Microsoft, bowing to consumer pressure, has re-thought its approach to licensing thin client systems, and the cost savings could be considerable.
The move comes in response to criticism from users and resellers that Microsoft’s terms for Windows Terminal Server (WTS) were expensive and inconsistent, admitted John Frederiksen, US group product manager for Windows NT.
The main difference in the new licensing system is that customers are no longer required to pay for a Windows NT workstation licence for each WTS client. Instead, Microsoft has announced a new WTS client access licence (CAL). Users must still use a separate Windows NT server CAL, Frederiksen said.
The net result is that users should pay around half the amount they currently pay for each Windows client. The new CAL is due to ship in the US on February 1, although an announcement on local availability has yet to be made.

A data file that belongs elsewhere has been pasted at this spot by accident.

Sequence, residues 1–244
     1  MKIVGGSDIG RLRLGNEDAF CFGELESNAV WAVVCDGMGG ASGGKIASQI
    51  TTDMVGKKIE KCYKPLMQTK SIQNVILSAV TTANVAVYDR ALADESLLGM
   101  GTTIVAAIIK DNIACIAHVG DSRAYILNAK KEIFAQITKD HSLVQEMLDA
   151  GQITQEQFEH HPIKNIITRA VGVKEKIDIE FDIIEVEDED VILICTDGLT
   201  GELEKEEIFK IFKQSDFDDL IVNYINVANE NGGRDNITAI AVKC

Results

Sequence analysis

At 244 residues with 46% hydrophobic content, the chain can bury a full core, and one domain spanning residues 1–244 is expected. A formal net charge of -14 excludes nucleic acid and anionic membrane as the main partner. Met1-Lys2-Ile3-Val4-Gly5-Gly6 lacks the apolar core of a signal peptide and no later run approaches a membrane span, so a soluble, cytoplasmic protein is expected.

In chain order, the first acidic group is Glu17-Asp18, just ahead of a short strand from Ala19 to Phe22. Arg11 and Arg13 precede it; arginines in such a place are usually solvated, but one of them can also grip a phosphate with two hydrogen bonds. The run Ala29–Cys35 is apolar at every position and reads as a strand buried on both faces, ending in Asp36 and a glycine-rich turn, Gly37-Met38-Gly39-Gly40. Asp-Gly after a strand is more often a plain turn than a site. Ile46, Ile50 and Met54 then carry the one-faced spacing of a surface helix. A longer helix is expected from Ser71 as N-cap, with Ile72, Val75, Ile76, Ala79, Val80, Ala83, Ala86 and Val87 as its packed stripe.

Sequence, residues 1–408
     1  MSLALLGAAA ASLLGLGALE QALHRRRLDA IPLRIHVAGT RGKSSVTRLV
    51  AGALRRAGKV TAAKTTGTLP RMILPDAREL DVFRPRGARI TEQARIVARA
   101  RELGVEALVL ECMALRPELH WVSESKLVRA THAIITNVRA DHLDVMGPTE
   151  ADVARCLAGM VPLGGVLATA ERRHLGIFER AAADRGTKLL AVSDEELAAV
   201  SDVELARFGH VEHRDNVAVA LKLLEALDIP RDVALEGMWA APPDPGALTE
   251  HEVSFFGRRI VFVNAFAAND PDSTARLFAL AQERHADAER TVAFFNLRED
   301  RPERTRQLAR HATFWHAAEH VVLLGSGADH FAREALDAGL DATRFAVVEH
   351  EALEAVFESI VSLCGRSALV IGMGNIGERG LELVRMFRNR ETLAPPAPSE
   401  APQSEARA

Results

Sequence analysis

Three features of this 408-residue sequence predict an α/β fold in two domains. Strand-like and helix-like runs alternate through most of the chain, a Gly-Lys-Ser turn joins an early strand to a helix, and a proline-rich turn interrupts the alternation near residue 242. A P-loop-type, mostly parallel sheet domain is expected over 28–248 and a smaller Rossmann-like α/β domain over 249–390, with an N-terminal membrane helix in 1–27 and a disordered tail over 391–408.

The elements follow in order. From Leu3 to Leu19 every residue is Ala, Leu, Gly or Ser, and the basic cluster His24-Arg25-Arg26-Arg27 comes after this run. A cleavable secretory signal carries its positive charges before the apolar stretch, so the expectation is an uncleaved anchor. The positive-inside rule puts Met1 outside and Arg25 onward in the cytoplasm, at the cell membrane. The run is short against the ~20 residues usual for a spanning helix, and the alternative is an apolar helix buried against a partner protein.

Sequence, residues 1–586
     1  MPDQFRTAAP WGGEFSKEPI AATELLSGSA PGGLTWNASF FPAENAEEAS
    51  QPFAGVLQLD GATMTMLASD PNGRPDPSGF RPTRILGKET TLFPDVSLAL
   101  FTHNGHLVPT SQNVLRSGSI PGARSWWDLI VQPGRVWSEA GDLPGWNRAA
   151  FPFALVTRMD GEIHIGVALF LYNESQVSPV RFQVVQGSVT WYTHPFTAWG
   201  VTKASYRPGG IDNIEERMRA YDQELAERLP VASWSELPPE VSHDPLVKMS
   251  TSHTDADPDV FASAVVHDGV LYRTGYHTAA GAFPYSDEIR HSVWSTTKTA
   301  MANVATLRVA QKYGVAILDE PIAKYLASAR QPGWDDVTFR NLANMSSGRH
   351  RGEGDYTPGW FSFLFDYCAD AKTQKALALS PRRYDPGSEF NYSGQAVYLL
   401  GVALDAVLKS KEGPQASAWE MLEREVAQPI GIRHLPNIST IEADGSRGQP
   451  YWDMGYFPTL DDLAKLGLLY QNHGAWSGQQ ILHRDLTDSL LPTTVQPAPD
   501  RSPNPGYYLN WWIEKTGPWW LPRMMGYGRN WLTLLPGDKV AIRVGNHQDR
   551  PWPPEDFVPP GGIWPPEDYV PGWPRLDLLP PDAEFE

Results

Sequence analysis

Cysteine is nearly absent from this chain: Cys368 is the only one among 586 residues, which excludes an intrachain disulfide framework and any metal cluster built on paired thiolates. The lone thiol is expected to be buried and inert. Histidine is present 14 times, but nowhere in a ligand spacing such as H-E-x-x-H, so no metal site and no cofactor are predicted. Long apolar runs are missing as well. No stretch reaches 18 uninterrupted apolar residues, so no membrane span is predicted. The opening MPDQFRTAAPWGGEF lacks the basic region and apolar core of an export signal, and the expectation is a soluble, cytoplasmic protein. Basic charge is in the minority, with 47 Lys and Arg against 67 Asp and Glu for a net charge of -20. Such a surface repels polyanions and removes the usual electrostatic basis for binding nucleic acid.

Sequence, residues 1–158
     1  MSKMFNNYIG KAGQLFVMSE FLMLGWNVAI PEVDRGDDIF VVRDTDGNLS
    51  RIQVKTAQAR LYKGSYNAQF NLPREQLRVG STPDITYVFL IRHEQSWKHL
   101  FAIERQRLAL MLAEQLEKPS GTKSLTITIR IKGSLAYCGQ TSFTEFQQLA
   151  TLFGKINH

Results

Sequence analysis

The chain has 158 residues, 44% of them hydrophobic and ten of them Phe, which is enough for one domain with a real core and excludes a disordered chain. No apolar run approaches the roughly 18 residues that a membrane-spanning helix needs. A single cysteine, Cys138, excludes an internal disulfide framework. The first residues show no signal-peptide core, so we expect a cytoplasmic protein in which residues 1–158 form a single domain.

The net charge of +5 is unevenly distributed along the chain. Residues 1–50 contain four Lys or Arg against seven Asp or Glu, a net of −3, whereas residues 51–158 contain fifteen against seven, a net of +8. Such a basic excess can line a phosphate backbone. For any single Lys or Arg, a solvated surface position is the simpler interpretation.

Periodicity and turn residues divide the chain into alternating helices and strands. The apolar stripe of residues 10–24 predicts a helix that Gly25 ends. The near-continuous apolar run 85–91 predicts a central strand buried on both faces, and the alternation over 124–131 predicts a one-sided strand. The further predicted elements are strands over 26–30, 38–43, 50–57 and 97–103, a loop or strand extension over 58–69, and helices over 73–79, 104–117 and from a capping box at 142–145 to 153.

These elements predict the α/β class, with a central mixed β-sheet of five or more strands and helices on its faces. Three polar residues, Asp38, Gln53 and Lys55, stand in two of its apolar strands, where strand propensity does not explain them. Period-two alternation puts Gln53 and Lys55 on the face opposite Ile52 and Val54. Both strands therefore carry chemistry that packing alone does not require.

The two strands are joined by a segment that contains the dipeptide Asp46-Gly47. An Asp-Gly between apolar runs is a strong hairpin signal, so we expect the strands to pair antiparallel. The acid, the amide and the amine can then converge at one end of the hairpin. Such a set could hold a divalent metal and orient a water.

While WTS was originally targeted at enterprise-level customers, it is also proving popular with small to medium enterprise (SME) users. Microsoft will better target this niche group with, for 5-, 10- and 15-user CAL packages in the next few months.
Interestingly, in the US the WTS is also eligible to be licensed under Microsoft’s work-at-home agreement, where corporate customers can purchase second copies of products for employees to use at home for significantly reduced costs. An announcement on New Zealand availability will be made when corporate marketing manager Guy Haycock returns from the US early this week.